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		                                    Thinking Torah Blog		                                </span>

11/10/2023 05:00:46 PM

Nov10

Rabbi Josh Whinston

On October 7th, the Jewish world was changed forever. We all woke up to the reality of Israel’s security failure and the catastrophe of nearly 1,400 Israelis murdered and 240 people taken as hostages into the Gaza tunnels and bunkers. Most of the hostages remain unaccounted for.

Even in the midst of my father’s decline and death, my attention was pulled toward the East. Before me my father was dying and across the ocean so were my people.

The current tragedy weighs heavily on people across the globe, and it is imperative that we do not lose sight of the human suffering caused by this war. Like many in our congregation, I believe in interpreting our sacred texts in the broadest and most inclusive manner possible. However, it is important to acknowledge that Judaism is not a universal religion. We have never held the belief that all people must ultimately become Jewish. Instead, we consider ourselves a distinct people bound together by a sacred covenant.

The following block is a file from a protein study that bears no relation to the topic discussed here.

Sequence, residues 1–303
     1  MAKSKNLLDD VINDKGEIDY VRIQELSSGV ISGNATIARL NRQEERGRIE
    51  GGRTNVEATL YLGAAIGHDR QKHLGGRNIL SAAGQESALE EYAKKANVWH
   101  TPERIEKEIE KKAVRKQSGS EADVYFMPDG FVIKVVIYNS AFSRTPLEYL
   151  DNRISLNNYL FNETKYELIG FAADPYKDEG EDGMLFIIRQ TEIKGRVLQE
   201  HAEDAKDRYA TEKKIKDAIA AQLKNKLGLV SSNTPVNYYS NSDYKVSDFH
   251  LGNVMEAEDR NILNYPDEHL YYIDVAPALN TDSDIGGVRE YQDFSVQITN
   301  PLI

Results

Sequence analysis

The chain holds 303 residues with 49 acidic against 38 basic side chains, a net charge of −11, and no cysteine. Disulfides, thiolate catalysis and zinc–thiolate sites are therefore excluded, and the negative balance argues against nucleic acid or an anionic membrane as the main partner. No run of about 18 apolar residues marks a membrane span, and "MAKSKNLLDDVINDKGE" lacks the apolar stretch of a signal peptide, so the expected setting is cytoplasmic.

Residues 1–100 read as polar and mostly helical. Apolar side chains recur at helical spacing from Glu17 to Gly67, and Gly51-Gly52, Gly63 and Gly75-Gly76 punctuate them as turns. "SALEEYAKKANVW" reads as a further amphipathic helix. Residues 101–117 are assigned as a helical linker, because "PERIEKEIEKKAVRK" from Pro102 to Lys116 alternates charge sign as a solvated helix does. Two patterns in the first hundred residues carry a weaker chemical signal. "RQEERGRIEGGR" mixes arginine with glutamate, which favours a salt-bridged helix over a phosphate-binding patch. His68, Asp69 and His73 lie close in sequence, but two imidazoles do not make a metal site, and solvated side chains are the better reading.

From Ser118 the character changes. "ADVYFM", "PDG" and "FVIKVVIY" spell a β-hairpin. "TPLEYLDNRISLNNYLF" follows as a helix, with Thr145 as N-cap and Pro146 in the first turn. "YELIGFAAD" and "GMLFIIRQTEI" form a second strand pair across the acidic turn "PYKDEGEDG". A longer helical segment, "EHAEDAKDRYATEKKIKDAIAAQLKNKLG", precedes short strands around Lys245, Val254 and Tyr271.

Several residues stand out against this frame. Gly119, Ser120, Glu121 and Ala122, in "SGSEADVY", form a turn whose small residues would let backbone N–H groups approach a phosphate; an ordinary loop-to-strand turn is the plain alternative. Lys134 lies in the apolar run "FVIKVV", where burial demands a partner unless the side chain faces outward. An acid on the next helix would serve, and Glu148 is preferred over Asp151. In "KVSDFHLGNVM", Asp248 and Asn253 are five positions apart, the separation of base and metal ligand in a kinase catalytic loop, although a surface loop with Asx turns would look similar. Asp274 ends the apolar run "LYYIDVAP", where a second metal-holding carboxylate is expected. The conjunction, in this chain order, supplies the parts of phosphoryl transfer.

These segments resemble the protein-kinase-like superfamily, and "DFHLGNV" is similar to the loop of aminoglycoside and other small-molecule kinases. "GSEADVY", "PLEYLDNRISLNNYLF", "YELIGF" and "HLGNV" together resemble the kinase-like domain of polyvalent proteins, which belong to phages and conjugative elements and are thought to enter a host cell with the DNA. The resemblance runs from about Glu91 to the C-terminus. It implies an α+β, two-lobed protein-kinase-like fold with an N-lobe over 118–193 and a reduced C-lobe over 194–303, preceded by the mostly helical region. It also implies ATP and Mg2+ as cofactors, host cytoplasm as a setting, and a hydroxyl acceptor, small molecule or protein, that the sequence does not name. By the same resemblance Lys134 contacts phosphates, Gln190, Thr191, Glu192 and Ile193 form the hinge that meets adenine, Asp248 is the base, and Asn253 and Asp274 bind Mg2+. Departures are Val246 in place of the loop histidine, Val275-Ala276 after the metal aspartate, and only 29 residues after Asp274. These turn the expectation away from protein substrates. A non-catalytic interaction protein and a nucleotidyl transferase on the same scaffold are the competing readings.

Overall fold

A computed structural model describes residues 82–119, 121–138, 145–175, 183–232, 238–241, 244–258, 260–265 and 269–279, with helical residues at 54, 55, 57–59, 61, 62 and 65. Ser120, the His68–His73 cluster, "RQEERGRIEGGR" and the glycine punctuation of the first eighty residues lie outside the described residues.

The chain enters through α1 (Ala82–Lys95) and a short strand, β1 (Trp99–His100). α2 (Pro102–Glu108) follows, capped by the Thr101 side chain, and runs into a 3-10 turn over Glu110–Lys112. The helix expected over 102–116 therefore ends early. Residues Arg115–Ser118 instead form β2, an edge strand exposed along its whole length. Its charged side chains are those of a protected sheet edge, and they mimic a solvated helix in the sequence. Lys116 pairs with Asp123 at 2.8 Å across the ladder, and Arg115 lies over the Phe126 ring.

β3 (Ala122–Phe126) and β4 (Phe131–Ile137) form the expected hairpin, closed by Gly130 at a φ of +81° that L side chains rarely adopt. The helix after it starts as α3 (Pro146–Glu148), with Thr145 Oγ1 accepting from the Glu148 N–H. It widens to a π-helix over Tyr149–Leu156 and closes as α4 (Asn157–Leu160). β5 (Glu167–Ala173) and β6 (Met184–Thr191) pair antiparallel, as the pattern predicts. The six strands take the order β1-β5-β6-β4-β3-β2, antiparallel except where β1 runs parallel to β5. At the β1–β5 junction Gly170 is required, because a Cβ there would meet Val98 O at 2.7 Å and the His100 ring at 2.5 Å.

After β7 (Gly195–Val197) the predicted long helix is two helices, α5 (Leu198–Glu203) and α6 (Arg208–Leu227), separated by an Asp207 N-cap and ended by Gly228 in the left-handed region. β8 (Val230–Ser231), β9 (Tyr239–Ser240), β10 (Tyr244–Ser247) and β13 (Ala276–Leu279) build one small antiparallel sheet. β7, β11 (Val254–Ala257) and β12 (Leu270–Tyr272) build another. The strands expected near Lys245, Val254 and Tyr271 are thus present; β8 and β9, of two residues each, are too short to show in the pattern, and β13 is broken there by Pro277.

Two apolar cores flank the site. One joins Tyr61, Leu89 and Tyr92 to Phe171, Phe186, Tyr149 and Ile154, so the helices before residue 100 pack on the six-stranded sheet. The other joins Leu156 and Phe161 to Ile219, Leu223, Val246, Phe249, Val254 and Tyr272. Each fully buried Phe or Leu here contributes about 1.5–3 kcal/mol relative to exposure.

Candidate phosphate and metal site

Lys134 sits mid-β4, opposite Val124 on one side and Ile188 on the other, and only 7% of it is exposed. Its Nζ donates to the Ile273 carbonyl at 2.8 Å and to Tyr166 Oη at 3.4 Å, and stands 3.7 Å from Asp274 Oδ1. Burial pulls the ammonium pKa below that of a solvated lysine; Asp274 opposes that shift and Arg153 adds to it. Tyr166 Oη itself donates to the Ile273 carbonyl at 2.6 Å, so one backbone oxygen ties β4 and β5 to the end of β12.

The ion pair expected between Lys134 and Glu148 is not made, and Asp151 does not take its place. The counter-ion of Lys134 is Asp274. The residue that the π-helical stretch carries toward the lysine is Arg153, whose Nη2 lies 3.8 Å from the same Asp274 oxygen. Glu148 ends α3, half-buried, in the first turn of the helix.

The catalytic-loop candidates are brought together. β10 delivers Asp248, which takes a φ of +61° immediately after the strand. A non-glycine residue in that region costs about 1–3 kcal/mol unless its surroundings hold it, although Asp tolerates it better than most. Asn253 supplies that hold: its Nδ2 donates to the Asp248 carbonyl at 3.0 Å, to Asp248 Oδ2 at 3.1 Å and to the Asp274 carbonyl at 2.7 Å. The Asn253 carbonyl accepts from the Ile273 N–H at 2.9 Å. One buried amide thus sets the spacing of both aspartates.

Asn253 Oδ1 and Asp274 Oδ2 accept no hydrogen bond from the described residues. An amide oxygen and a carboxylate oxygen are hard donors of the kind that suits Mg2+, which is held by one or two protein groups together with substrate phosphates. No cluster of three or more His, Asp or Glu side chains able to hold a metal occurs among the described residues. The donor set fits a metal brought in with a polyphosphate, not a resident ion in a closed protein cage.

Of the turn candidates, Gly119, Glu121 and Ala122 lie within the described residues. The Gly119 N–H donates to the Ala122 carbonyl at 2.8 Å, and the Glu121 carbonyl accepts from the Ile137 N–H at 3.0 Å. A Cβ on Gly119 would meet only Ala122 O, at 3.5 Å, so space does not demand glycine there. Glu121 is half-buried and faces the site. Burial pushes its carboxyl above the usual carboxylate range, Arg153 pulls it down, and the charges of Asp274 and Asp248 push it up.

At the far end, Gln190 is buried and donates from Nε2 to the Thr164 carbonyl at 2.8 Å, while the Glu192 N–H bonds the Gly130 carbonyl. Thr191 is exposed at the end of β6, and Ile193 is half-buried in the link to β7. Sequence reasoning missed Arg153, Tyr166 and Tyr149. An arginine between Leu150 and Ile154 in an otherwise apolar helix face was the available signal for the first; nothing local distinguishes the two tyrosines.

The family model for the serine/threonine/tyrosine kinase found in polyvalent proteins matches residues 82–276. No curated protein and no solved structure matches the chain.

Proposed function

In light of this, I have made the decision to travel to Israel in the upcoming week. Our people are hurting and in distress, and they need to feel our support, especially during this critical time. Alongside my colleagues, I will visit grieving families, those with loved ones held hostage in Gaza, and contribute through volunteer efforts, such as assisting with the harvest. I will maintain regular communication with all of you to provide updates on the trip. Furthermore, I will share my experiences during our Climate Action Shabbat on November 17th.

If there is anything I’ve learned in life it is that showing up is the most important thing we can do for each other. In this moment, I need to show up for our people.

Sat, June 15 2024 9 Sivan 5784